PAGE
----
Different therapeutic effects of modified oncolytic viruses


Using oncolytic viruses is a new strategy for cancer immunotherapy. To enhance the therapeutic effect the viruses can be modified with immunostimulatory factors. A study from IGP shows that the effect of such factors depends on the kind of oncolytic virus that is modified. To achieve the desired therapeutic benefits, careful consideration is therefore needed when choosing the virus. The study has been published in the journal Molecular Therapy Oncolytics.

A new method to treat cancer is to use oncolytic viruses. These are viruses that infect cancer cells where they replicate until the cancer cells burst and release new virus particles, that in turn can infect other cancer cells. When the cancer cells are destroyed this elicits an anti-tumour immune response, which contributes to the anti-tumour effect of the oncolytic virus.

Currently, several types of oncolytic viruses are developed for cancer therapy. In the present study, the researchers studied if the anti-tumour effect could be enhanced by arming the viruses with proteins that should stimulate the immune response. The results showed that distinct immune stimulation profiles are elicited when the same immunostimulatory factor is present in different oncolytic viruses.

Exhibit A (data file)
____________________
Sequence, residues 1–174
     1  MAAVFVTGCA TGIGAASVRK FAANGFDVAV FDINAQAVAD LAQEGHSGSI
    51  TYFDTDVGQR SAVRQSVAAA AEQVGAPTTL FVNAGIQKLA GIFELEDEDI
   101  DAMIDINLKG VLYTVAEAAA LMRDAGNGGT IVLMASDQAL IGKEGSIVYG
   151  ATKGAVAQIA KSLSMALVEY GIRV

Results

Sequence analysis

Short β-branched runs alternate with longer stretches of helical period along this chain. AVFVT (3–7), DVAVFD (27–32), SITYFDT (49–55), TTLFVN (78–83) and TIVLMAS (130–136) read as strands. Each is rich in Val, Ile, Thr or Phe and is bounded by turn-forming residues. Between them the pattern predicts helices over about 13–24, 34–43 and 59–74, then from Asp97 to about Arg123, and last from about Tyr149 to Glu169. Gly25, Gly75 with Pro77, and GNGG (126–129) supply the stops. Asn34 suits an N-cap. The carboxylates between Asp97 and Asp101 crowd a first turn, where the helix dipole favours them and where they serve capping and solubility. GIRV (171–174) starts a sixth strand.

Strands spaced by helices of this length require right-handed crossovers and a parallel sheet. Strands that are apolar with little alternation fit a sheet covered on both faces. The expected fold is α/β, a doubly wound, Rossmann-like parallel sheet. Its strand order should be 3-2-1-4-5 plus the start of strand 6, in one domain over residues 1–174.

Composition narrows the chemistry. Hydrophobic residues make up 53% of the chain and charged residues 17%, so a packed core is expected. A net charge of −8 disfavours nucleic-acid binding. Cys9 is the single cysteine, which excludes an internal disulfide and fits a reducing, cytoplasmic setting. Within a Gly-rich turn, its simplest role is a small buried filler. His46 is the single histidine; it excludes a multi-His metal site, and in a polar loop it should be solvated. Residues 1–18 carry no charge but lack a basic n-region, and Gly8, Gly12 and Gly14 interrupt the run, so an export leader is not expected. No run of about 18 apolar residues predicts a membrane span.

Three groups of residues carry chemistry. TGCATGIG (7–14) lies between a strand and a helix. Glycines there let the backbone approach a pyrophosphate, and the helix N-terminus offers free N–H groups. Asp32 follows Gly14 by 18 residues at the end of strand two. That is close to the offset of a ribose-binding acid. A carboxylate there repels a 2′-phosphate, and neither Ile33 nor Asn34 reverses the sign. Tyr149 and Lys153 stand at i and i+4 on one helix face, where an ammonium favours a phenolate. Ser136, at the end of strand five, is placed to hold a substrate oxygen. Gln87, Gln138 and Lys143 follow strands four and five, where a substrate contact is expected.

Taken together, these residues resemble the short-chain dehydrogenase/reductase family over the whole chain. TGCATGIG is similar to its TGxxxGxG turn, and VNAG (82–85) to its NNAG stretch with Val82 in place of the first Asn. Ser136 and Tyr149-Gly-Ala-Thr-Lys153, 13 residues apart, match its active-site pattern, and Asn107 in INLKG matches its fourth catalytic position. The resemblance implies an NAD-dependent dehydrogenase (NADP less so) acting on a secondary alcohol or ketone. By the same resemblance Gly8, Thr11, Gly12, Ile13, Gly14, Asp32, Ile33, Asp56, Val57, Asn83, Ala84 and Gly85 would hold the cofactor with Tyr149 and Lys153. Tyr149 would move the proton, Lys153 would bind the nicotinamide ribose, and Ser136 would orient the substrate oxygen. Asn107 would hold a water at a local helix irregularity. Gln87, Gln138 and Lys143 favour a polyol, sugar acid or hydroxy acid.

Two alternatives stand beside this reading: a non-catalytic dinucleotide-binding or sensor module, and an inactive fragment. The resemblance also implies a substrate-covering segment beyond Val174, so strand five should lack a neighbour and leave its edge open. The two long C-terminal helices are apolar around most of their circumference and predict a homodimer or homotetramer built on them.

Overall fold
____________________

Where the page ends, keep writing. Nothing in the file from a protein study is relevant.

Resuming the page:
“We armed two types of oncolytic viruses – vaccinia virus and Semliki Forest virus – with two immune activating proteins and studied the effect in a mouse model of the tumour type neuroblastoma. For the vaccinia virus the presence of the proteins resulted in an enhanced anti-tumour effect through the production of antibodies against the cancer cells. When we used the same proteins in the Semliki Forest virus, instead an immunological response against the virus was induced,” says Di Yu, who has led the study.

The study shows that careful consideration and detailed characterisation are needed when engineering oncolytic viruses with immune-modulators. In the case of Semliki Forest virus, which is very immunogenic by nature, the focus of engineering can be directed towards improving the virus’ ability to burst the cancer cells, inducing a direct viral lytic response. For vaccinia viruses, which by nature have immunosuppressive properties, the focus can be directed towards arming the virus with immune modulators to improve immune response against the cancer cells.

“Our conclusion is that if you want to engineer oncolytic viruses with immune modulating agents you should base the strategy both on the selected virus and on the targeted tumour type, to achieve the desired therapeutic benefits,” says Di Yu.

More information.
Article in Molecular Therapy Oncolytics
Di Yu’s research in Magnus Essand’s group